Steam rose from the coffee pot and the sunrise glistened off the bay as we pulled away from the dock, with the whole crew ready for an exciting day of fishing. After a great day on the water and conducting interview segments with my client, the captain of a fishing charter business and his happy customers, the experience reminded me how important proper stabilization is for capturing quality video clips for projects.
As you can imagine, getting stable footage on a rocking boat can be a challenge, but it’s essential for quality work. And a reputation for quality work is what landed me this gig, getting paid to spend the day on a fishing trip.
There’s an exception to most any rule, but unless you’re re-enacting a plane crash, filming from within a fast-paced car racing down a bumpy dirt road, or making a horror movie, most video clips work best with proper and adequate stabilization.
I’ve found there are three main ways to achieve the necessary stabilization while capturing video content. Let’s take a closer look into each and maybe you can use this information to help achieve more quality video clips while you’re out and about shooting stock video, working for a client, or capturing footage for your own YouTube channel.
The first type of stabilization and one of the best ways to guarantee capturing quality and stable video content while working from a stable foundation is using a tripod. It may take a bit of practice to work efficiently with a tripod, but once you spend a little time getting to know your tripod, it will work like an extension of your body and you’ll be glad you have it along in your kit.
Tripods come in different sizes, materials and with a few different features. Understanding the size and weight of your camera gear before you purchase is important. You can use a small table top tripod for your smartphone captures, while you’ll need a stronger, sturdier tripod when using a DSLR setup.
The different material options will dictate the weight and sturdiness of your tripod and this can be important depending on how far and how often you will carry it with you. Lighter is typically more costly, but also more comfortable for your longer days of shooting. One of the features recommended for a video shooter is a video pan/tilt style head for your tripod as it will give you the most flexibility while shooting video content. My tripods are used the most during interview sessions, capturing footage of landscapes, or while self-documenting for my YouTube channel.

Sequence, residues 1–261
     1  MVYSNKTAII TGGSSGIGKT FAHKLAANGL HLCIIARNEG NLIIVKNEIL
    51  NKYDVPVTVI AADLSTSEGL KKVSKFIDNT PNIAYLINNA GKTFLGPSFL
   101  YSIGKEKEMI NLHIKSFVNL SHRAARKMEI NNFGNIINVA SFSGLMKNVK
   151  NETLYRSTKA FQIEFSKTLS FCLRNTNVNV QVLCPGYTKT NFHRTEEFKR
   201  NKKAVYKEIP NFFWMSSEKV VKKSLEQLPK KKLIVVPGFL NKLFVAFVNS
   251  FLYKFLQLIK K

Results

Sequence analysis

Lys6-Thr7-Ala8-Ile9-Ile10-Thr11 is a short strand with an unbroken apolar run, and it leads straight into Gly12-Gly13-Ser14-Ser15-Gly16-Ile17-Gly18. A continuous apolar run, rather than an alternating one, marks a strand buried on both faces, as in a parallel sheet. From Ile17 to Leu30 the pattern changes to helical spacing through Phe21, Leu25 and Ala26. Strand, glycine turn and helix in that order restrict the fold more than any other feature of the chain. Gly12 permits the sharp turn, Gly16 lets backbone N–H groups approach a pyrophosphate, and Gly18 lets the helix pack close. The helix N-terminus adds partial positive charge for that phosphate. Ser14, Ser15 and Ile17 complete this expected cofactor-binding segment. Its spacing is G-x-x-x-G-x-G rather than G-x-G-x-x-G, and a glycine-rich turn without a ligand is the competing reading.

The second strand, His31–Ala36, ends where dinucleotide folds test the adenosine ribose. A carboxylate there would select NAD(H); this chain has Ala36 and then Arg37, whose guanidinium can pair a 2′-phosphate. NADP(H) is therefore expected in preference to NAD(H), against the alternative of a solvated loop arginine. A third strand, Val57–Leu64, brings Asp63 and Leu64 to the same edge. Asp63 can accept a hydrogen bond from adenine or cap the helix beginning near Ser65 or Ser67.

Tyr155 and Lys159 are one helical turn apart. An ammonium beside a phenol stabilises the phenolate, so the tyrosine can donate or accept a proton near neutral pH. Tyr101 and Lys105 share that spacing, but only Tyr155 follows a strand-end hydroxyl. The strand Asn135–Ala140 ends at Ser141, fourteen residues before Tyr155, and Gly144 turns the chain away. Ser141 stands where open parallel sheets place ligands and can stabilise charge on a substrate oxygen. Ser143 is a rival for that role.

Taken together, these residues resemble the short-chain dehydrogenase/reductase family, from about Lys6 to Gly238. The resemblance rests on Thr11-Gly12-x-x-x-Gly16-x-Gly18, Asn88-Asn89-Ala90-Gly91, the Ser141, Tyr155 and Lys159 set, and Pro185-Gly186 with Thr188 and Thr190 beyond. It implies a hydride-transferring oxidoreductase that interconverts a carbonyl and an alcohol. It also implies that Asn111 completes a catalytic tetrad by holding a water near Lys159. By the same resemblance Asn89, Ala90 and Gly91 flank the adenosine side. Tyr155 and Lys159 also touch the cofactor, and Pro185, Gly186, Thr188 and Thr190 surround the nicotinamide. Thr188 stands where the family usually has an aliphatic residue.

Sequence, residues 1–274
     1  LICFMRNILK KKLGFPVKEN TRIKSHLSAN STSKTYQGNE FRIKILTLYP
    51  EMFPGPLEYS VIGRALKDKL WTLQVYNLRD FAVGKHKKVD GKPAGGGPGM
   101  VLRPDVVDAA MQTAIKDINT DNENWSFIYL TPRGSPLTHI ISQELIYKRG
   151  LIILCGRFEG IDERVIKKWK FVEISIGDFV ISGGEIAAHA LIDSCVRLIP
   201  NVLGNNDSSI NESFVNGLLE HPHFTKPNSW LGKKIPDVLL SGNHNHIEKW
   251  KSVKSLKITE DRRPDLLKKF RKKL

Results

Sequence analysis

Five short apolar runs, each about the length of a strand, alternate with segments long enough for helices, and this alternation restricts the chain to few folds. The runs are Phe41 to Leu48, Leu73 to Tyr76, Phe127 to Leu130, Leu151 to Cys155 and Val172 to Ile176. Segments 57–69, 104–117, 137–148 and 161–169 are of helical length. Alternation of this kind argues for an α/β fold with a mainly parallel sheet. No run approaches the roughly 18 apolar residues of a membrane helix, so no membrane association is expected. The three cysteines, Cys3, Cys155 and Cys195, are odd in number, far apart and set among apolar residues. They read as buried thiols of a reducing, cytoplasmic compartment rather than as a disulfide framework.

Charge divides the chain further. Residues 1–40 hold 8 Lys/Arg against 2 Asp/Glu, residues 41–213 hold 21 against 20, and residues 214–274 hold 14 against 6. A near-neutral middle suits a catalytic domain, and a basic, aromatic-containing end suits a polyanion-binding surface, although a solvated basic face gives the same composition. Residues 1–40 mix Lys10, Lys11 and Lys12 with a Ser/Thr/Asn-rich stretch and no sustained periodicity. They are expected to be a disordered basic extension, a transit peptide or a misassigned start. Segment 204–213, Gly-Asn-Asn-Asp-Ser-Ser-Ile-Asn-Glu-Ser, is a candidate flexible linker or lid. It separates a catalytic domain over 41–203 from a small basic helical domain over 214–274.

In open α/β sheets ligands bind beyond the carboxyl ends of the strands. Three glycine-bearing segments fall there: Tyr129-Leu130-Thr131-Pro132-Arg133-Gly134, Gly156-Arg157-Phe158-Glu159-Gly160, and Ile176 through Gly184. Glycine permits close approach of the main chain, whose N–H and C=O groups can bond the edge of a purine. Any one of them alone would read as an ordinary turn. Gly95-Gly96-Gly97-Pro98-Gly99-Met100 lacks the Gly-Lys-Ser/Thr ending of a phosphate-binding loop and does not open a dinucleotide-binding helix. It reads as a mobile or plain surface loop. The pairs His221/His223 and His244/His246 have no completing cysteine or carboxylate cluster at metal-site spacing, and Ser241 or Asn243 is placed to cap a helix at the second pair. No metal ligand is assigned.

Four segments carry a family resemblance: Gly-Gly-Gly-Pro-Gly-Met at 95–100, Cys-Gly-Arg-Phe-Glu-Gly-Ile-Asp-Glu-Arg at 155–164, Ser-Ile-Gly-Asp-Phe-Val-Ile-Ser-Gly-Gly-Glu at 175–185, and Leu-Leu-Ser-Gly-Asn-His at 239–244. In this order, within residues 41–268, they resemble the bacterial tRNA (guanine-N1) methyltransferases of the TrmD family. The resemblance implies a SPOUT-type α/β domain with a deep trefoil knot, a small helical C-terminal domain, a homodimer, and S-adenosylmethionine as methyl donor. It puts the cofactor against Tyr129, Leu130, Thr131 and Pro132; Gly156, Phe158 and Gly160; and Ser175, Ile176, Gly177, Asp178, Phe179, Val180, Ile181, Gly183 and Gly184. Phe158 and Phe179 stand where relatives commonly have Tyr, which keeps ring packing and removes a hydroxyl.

2. Electronic gimbal
Sometimes a stable foundation to work from doesn’t exist and an electronic gimbal could be a great option for you. In today’s world with advancements in technology, the electronic gimbal has become much more affordable and there are different models made for different size camera systems. You can purchase a small, lightweight gimbal made for a smartphone or you can purchase a larger and more sophisticated gimbal for your heavier camera systems. Again, understand the size and weight of your camera system before making a purchase.
Gimbals like this let the camera rotate on three axes to keep stable.
Working from a boat or from inside a fast-paced car on a bumpy dirt road as mentioned above are great examples of where an electronic gimbal can be of benefit. Personally, I often work from boats and I can say my electronic gimbal paid for itself with the very first fishing video I created. I never leave home without it.
The third and most common (but not most stable) way to capture video is handheld. Most folks use this technique without much thought to how shaky the video content will appear. Many of today’s newer cameras include a feature called in-camera stabilization, but operator technique can have a lot to do with how good or bad the footage ends up. There are also features within today’s editing software to help overcome the shaky footage, but be aware, it’s not always a good fix.
When I don’t have a tripod or electronic gimbal available, I’ll try to find a way to set the camera on a solid and stable surface, hit record and remove my hands from the camera to capture the footage. If this isn’t available, I’ll handhold my camera as a last option. If you must handhold, a little tip would be to capture the video clip in slow motion mode if available on your camera. If you slow down footage, you’re also slowing down any movement, such as camera shake from handholding. This can help make a video clip a bit more enjoyable to view for your audience.
Whether using a tripod, electronic gimbal or handholding your camera while capturing video content, practice and correct technique will help you achieve the quality and stable footage your viewer will enjoy. I hope this information and tips help you capture the most stable and highest quality video footage possible. Have fun out there.